Track Legislation of Interest to Tennessee Attorneys

The TBA has a number of tools to help you track action in the Tennessee General Assembly. Read TBA Today for regular news updates and follow the TBA Action List to track bills in the General Assembly that the TBA has a direct interest in -- those it has initiated, taken a position on, or has a policy on. The TBA Watch List is a broader list of bills of interest to the Tennessee legal community.

Applicants Sought for District Court Vacancy

U.S. Rep. Steve Cohen of Memphis is seeking applications from those interested in being considered for an upcoming vacancy on the U.S. District Court for the Western District of Tennessee, created by Chief Judge Jon McCalla’s transition to senior status. Those interested should send a letter stating reasons for interest in the position and listing qualifications, a resume and college and law school transcripts to Cohen at The Clifford Davis/Odell Horton Federal Building, 167 N. Main, Suite 369, Memphis, TN 38103. For more information, email or call Beanie Self at (615) 544-4131. Deadline for submission is March 6 at 5 p.m. The Memphis Bar Association announced the news this week.

BPR Proposes Adding Discriminatory Conduct to Ethics Rules

The Board of Professional Responsibility has filed a petition with the Tennessee Supreme Court asking the court to amend Rule 8.4 of the Rules of Professional Responsibility to make it professional misconduct for a lawyer to engage, in a professional capacity, in conduct “manifesting bias or prejudice based on race, sex, religion, national origin, disability, age, sexual orientation, or socio-economic status.” Written comments on the proposed change should be submitted by April 1. Instructions for filing comments are in the court order attached to the petition.

Robilio Celebrates 30 Years on Bench

Shelby County Circuit Court Judge Kay Robilio is celebrating 30 years of service as a judge this year. After graduating from law school in 1980, Robilio began private practice and then joined the city prosecutor’s office. Just a few years later, she was serving as a city court judge. By 1990, she was sitting on the circuit court bench – the first woman to be elected and serve a full term on the court. “I never anticipated I’d go on the bench originally. I had no plans to leave labor law. I liked it,” she says. But, “I just happened to be at a particular place at a particular time” and the rest is history. In this interview with the Memphis Daily News, Robilio talks about the challenges and rewards of her work.

Apply By Monday for ABA Posts

Tennessee lawyers interested in any of the more than 600 positions for which the ABA president makes appointments, should file their application by Monday. The TBA’s ABA Resource Committee is offering assistance to lawyers interested in applying for the various committees, commissions and other entities. Contact ABA Resource Committee Chair Jonathan Cole or ABA State Delegate Randy Noel for more information.

What's Hot in Law Tech

If you missed this week's Law Tech Conference in Nashville, you can still get a free sample of what you missed. The popular Bill & Phil Show, featuring Nashville attorney Bill Ramsey of Neal & Harwell PLC and tech guru Phillip Hampton of LogicForce Consulting, takes you on a tour through the hot tech gadgets and toys that no lawyer should be without. You can watch the one-hour program FREE for a limited time. Enjoy!

Court Limits Challenges to Workers’ Comp Settlements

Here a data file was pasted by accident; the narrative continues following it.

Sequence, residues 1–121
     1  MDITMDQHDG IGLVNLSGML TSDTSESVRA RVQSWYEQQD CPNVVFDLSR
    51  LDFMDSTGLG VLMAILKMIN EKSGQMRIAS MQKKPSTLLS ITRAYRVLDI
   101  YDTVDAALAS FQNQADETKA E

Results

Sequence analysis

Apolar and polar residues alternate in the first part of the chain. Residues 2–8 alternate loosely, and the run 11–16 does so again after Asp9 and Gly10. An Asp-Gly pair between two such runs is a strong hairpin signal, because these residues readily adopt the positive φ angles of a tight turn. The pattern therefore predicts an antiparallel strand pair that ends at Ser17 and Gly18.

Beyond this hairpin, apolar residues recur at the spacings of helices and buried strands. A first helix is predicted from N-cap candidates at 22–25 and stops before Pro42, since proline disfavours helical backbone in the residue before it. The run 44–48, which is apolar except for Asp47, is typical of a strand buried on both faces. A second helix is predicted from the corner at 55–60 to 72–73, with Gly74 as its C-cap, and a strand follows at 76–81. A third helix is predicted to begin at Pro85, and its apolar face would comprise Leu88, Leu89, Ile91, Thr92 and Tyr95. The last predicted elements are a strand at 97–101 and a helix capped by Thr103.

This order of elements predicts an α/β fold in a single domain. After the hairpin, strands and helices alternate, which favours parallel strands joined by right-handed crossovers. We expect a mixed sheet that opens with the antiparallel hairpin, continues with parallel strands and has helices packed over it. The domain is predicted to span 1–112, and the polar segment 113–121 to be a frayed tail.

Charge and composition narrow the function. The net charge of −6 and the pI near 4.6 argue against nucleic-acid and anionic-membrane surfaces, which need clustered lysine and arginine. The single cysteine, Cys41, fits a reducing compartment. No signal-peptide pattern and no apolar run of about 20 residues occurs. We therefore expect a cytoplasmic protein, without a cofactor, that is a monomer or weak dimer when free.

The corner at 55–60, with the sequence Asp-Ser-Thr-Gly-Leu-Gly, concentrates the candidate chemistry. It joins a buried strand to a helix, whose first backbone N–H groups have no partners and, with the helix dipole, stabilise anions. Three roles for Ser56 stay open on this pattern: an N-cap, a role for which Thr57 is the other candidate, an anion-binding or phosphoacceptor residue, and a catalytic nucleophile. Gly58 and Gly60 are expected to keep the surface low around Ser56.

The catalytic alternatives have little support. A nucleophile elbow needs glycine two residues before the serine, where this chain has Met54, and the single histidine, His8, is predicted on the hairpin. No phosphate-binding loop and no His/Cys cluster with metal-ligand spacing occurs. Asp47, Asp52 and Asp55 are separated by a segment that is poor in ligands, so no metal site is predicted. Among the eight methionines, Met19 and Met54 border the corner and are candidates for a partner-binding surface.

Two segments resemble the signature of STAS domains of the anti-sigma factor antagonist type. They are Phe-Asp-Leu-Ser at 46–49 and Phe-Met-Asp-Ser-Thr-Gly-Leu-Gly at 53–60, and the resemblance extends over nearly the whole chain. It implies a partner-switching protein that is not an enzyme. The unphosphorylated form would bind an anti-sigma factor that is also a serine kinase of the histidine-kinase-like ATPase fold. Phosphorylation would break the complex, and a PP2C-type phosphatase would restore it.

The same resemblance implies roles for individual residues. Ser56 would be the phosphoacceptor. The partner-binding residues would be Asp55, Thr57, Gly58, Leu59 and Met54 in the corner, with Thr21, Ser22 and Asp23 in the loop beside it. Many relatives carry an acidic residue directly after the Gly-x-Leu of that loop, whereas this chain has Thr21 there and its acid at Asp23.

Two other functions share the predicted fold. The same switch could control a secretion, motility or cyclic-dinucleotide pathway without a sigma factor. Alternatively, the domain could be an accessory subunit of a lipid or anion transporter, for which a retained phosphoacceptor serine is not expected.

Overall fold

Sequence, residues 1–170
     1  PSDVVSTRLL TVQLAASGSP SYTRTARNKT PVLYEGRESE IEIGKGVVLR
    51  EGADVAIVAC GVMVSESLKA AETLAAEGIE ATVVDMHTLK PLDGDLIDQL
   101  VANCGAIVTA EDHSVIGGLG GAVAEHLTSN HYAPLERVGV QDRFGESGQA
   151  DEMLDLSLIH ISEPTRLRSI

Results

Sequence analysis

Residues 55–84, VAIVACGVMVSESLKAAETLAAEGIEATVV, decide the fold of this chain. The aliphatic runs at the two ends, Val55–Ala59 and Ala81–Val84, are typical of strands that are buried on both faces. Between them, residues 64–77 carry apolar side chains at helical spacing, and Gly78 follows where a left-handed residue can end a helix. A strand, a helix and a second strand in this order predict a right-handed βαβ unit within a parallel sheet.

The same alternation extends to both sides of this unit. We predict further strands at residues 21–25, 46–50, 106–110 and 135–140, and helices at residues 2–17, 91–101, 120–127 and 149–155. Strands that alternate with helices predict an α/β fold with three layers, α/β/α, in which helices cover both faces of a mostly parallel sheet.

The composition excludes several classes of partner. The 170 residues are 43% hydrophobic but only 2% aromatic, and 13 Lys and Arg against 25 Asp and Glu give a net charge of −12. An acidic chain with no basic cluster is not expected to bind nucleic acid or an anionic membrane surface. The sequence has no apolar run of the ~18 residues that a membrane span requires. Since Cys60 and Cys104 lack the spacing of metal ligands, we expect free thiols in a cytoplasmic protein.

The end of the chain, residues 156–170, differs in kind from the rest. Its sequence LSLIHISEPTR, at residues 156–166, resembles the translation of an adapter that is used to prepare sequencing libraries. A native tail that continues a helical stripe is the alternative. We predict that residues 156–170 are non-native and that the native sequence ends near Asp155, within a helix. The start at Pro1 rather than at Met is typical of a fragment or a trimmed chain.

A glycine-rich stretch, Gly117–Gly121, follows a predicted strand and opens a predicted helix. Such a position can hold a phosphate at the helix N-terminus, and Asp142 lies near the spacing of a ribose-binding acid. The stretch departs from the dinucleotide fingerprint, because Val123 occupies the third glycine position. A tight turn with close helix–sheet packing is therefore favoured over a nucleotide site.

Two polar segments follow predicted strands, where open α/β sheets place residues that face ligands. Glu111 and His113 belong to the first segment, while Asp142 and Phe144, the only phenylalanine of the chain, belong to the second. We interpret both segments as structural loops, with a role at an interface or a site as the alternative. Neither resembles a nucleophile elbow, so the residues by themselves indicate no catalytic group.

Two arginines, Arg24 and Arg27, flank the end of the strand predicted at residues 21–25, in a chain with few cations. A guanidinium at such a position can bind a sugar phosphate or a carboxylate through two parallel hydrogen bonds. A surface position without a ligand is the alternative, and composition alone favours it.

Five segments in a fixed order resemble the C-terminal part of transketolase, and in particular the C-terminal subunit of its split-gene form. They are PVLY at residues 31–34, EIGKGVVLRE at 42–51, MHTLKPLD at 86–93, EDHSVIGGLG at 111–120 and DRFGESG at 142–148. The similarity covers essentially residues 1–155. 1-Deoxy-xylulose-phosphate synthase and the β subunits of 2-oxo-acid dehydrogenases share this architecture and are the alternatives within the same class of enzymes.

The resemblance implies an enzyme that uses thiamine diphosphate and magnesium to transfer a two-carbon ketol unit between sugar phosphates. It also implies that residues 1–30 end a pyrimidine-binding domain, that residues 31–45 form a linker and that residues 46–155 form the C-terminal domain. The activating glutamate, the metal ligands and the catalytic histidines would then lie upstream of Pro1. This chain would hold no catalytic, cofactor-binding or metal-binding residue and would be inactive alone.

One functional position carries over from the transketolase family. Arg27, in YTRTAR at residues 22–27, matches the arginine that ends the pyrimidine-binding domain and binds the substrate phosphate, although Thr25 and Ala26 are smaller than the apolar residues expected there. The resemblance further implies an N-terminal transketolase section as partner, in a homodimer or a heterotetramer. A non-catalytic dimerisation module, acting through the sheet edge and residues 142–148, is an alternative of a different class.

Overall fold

The Tennessee Supreme Court ruled today that when the state Department of Labor approves a workers’ compensation settlement and accepts the statistical data form submitted with the settlement, a court may not find that the form is incomplete and set aside the settlement on those grounds. The high court also clarified procedures for appealing or attempting to set aside a department-approved settlement. The ruling came in the case of Christopher Furlough v. Spherion Atlantic Workforce LLC.

Court to Hear 3 Criminal, 3 Civil Cases

The Tennessee Supreme Court recently granted review to three criminal and three civil cases. The criminal cases address consecutive sentencing and two variations of the admissibility of confessions recorded by civilians who are acting as agents of the government to “get the truth” from the accused regarding alleged sexual abuse of the civilians’ relatives. The civil cases concern life insurance disbursements, the “two dismissals” rule and whether summary judgment is appropriate on statutory interpretation in a declaratory action. The Raybin-Perky Hot List examines the new cases and predicts how each will be decided.

Services Monday for Memphis Lawyer

Memphis lawyer Clinton Ray Pearson, 96, died Monday (Feb. 18). A native of Mississippi, Pearson came to Memphis to attend the University of Memphis School of Law. He was admitted to the Tennessee bar in 1941 and became a certified public accountant in 1947. His career included serving as managing partner of Touche Ross & Co., financial consultant at the National Bank of Commerce Trust & Asset Management and in private law practice from 2005 to 2012. A memorial service will be held Monday at 2 p.m. at the Second Presbyterian Church Chapel in Memphis. Visitation will follow. The family requests that any memorials be made to the Salvation Army or a charity of the donor’s choice. Learn more about Pearson’s life in this obituary in the Commercial Appeal.

Simmons Working at Stites at Time of Death

A news item in Tuesday’s issue of TBA Today reported the Feb. 13 death of Nashville lawyer Martin Ernest Simmons. However, it did not include details about his work immediately prior to his death. Since 2011, Simmons was of counsel to the Real Estate & Banking Group at Stites & Harbison. Read the full obituary in The Tennessean.


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About this publication: Today's News is a compilation of digests of news reports of interest to Tennessee lawyers compiled by TBA staff, links to digested press releases, and occasional stories about the TBA and other activities written by the TBA staff or members. Statements or opinions herein are those of the authors and do not necessarily reflect those of the Tennessee Bar Association, its officers, board or staff.